• accommodate 3…5 participants (2 and 6 are also nice)
  • feature a twist on known rules
  • feature a twist on known premises
  • no long lists of items, skill or what-have-you to reference

Meta data:

  • available AP reports (I usually don't read them, but I want to make sure, they are there)
  • available reviews (to have people other than the author tell me stuff about the game; I don't care about the grade that much, but I like the change in perspective)

I don't care about:

  • FLGS coverage (which is poor in Germany, anyways)
  • the publisher
  • the author (though I might simply stumble over more games from known authors)
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+1 Some great feedback here that is presented in a format that can actually be handed on to authors, thank you. –  Rob Lang Oct 28 '11 at 10:16

While I do look for Interesting Premise most often, and check Reviews (usually at Critical Hits or Gnome Stew) the other factors that come into play when I'm looking at games are usually variables.

For example, the Rule of Fun: Would my usual group enjoy playing it? For that matter, would I?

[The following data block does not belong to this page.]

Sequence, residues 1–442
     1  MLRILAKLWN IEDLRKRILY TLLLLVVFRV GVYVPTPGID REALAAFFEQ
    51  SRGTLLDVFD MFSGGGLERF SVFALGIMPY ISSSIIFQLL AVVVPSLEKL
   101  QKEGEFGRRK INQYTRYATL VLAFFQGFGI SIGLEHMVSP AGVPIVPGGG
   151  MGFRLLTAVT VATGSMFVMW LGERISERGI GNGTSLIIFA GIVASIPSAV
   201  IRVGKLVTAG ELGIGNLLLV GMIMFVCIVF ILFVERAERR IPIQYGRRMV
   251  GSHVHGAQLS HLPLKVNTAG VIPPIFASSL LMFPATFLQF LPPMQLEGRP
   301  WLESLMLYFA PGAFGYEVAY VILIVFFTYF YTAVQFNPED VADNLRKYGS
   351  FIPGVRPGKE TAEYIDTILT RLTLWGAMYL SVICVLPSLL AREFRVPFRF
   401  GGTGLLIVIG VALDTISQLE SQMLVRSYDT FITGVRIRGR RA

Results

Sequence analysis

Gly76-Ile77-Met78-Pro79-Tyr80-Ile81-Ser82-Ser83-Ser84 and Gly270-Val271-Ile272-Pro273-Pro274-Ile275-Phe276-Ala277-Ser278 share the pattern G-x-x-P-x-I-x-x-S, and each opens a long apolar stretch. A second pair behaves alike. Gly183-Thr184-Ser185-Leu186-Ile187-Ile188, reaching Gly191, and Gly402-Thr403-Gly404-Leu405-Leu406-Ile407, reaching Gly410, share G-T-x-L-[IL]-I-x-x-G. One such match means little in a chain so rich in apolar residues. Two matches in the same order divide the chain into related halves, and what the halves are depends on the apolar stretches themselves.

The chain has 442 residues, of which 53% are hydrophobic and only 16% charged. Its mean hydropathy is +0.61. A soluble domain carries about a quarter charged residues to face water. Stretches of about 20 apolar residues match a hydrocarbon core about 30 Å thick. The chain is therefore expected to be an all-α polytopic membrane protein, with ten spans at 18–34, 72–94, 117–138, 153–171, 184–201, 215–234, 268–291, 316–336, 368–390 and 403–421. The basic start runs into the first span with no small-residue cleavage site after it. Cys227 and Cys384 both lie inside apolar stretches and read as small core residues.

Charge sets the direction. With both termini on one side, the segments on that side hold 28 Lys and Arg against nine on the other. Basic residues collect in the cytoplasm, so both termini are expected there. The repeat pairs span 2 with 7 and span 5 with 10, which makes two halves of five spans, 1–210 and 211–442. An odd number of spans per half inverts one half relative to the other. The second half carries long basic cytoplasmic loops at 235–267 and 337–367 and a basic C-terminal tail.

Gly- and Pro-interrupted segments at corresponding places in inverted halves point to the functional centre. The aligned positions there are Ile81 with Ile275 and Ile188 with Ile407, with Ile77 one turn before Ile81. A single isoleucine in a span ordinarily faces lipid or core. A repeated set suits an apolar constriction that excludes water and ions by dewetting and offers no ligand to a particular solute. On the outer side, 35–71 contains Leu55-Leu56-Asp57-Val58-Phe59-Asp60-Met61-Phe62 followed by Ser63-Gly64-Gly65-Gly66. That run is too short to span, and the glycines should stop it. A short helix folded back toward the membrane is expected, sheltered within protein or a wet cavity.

Also, one of the main questions I ask myself is: Are the rules too complex for my group to enjoy? I have a pretty diverse group, and while some people enjoy the number-crunch of D&D 3.5e, others are way more freeform and are turned off by keeping track of multiple stats and conditions.

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+1 for thinking about your group. Having everyone keep playing is always important if you want to...keep playing. :) –  Ryan Hayes Aug 25 '10 at 12:39

I find that I'm drawn to a new RPG because it has a great premise, an intriguing solution to the premise (i.e. mechanics that allow the premise to be played out in a new or interesting way) and I can pick it up and play it fairly effortlessly.

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+1 for mentioning premise. I think a bland or poorly described premise is why many cool games get overlooked. –  Rob Lang Oct 28 '11 at 10:12

Before I buy any game, I need to peek at the core system. Game mechanics are important to me. Not all mechanics work for all genres. You can have a great world to play in, but if the mechanics don't support it, then the game will fail.

Once I decide I like the system, I need to like the setting/premise.

If I like the premise, then I return to the system and try to figure out how complex it is. I, too, like fewer rules.

And finally, I have to mention the artwork. I'm a sucker for art. I've almost bought games I wasn't interested in because of their covers. If I'm on the edge after my preliminary assessment, great art is almost sure to suck me in. The power of good artwork cannot be understated, as it has the ability to draw people into experiencing (albeit slightly) the game world without even having to play the game.